Published by Silver City Sun News
By Anne Saker, Cincinnati Enquirer
Published 9:55 a.m. MT Aug. 7, 2019 | Updated 3:09 p.m. MT Aug. 7, 2019
A central Ohio couple sued a Cincinnati clinic and the Christ Hospital Wednesday for swapping out the husband’s sperm when the couple underwent fertility treatment in 1994, a fact the family discovered only this year through a DNA test kit.
Jennifer and Joseph Cartellone, with their adult daughter Rebecca, announced the lawsuit against the Institute for Reproductive Health at a news conference in Washington, D.C. They said they believe Rebecca’s biological father is among a handful of men, including someone who worked at Christ Hospital.
“Never in my worst nightmare did I think that the Christmas gift of DNA testing for my family would unveil this kind of abuse of our trust by the very professionals from whom we sought help,” Joseph Cartellone said in a statement prepared for the news conference. “This has been extremely difficult for my family. I want to do whatever it takes to make sure no one else has to go through what we did.”
The Cartellones’ announcement came with a report on the industry compiled by the law firm representing the family. The report found that nail salons are more closely regulated in the United States than fertility centers.
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“The result is a ‘near Wild West’ situation where meaningful oversight is absent, error reporting is essentially voluntary, and tragic cases of lost, destroyed or otherwise improperly handled embryos appear to be on the rise,” said the report, “The Fertility Center Regulation Crisis in the United States.
The law firm is Peiffer Wolf Carr & Kane, a nationwide practice representing families accusing fertility clinics of misconduct. The firm is involved in legal action against University Hospitals in Cleveland, in which the fertility service allegedly lost as many as 4,000 human embryos in March 2018 because a storage tank failed. Another 1,000 embryos were lost the same weekend at the Pacific Fertility Center in San Francisco.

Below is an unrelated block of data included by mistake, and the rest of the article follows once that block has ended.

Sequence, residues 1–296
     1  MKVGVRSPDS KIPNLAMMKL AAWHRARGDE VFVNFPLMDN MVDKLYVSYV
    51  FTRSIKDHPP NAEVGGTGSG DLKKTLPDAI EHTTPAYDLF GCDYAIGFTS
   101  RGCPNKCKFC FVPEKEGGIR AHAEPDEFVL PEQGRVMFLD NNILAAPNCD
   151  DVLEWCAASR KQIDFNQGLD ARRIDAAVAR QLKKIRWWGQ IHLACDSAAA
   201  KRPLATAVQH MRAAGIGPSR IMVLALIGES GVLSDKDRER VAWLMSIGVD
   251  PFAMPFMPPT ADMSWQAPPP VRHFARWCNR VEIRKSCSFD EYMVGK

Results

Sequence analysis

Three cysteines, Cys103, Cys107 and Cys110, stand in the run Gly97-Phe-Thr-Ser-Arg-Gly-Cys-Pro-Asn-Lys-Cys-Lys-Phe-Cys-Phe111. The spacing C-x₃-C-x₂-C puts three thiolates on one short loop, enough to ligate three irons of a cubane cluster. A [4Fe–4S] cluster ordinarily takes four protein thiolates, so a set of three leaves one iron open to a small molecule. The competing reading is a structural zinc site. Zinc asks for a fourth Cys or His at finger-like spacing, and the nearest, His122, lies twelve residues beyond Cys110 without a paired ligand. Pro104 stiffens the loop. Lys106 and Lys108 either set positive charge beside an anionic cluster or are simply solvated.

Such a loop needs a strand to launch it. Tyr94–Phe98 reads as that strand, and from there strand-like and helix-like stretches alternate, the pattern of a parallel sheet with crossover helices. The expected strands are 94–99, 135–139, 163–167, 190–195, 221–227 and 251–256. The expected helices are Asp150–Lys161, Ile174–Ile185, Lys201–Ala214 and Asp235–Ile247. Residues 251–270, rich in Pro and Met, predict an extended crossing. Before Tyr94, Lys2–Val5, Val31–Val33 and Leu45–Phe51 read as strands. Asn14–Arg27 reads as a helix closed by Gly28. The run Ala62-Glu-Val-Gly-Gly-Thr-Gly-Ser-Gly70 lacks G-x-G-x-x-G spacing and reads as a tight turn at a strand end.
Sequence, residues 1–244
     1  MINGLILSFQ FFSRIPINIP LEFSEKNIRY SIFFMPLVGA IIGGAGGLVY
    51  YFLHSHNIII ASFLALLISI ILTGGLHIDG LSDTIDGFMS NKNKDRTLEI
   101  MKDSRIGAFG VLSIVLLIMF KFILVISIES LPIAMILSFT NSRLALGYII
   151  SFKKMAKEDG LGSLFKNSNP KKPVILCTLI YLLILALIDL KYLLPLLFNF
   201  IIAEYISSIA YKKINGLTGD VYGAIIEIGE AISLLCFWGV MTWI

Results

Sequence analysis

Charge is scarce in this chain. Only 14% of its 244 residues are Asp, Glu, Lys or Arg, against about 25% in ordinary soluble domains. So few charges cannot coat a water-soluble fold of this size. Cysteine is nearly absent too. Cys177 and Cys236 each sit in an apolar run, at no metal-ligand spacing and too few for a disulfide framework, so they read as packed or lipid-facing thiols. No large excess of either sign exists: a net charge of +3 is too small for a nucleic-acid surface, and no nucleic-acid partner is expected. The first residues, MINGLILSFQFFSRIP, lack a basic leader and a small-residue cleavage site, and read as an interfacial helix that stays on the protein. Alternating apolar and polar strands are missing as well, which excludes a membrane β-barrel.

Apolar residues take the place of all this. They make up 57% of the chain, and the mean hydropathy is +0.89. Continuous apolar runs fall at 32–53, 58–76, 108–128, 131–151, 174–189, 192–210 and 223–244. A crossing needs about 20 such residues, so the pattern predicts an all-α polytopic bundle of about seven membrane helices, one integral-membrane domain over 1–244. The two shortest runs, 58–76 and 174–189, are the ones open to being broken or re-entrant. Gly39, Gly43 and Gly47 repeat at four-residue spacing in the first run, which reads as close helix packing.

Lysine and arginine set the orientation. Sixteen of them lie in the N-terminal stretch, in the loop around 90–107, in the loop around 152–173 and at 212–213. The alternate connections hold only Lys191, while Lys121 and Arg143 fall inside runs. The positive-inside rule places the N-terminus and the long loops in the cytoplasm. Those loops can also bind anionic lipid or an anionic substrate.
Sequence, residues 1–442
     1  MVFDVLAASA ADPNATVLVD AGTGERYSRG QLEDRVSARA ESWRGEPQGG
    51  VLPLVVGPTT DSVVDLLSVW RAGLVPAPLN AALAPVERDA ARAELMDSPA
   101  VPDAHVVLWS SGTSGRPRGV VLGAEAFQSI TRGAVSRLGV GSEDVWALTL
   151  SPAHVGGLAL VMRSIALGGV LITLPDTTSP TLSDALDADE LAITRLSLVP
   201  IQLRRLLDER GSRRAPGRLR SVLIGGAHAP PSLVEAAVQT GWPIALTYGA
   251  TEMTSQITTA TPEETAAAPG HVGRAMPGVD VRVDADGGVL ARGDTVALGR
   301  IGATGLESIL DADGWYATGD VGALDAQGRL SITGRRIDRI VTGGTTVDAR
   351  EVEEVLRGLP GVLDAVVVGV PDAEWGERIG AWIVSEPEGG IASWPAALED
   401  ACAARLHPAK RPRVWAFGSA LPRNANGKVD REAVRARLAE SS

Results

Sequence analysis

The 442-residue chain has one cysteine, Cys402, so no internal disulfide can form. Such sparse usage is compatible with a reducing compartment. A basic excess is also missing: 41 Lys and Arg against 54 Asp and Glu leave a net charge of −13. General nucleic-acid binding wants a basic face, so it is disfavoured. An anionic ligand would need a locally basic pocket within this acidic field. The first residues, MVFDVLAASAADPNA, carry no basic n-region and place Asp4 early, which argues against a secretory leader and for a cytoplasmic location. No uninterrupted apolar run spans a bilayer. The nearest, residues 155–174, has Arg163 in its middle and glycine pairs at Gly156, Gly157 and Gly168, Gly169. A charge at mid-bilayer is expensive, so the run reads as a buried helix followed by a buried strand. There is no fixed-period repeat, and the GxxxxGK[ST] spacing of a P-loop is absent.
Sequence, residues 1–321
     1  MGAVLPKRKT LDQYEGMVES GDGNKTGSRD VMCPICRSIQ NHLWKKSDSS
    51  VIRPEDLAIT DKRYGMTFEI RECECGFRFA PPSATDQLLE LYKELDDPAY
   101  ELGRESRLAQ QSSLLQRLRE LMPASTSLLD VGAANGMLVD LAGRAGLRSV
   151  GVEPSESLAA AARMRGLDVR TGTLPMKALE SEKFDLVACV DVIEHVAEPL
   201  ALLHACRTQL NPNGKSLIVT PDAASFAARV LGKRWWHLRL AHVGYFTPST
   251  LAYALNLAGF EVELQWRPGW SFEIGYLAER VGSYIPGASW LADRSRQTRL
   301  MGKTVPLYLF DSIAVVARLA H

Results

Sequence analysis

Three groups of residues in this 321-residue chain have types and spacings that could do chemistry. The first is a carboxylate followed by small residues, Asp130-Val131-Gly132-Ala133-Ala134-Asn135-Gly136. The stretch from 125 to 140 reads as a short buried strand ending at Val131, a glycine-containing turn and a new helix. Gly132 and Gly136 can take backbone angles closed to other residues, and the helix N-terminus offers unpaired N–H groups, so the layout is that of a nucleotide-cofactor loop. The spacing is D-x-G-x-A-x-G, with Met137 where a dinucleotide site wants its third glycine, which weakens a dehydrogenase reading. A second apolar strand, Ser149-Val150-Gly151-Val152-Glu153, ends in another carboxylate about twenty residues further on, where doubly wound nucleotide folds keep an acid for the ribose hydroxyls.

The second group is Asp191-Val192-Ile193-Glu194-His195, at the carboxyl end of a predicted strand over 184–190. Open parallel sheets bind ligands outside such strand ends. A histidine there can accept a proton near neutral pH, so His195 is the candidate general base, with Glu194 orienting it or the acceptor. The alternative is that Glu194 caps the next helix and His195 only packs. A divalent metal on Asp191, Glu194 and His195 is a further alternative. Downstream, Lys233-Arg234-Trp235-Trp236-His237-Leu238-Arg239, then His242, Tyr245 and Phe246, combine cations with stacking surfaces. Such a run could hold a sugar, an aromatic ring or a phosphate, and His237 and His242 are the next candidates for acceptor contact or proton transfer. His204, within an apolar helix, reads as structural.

Christ Hospital spokesman Bo McMillan declined to comment Wednesday on the Cartellones’ suit. Officials with the Institute for Reproductive Health had not yet responded to requests for comment.
The Cartellone case names the Institute for Reproductive Health, with offices in Norwood, West Chester and Florence. Christ Hospital was named because the Cartellones underwent in vitro fertilization in 1994 at the Mount Auburn hospital.
The lawsuit filed in Hamilton County Common Pleas Court said the Cartellones, who live in Delaware, Ohio, sought help in 1994 from the fertility clinic. Dr. Sherif Awadalla, the institute’s medical director, removed eggs from Jennifer Cartellone, and the couple were promised the eggs would be fertilized with Joseph Cartellone’s sperm.
“Instead, the Christ Hospital and the other defendants combined Jennifer’s eggs with the sperm of a complete stranger,” the suit says. “They then transferred the material containing the stranger’s sperm to Jennifer.”
In November 1994, Rebecca was born, and the Cartellones had any idea that she wasn’t their biological child.
At Christmas, Rebecca, now 24, got the DNA test kits from Ancestry.com. The results came back in February with the shocking news that Rebecca was not related to her father. A paternity test confirmed that finding.
“Through remarkable perseverance, the Cartellone family has traced the likely biological father to one of a handful of individuals – one of whom worked at the Christ Hospital,” the lawsuit says.
“Despite defendants’ gross and obvious misconduct, defendants have refused to make amends for their mistake,” the lawsuit says. The family brought the case “to see answers regarding the circumstances surrounding this troubling event, as well as to seek restitution for the emotional and other harms suffered.”
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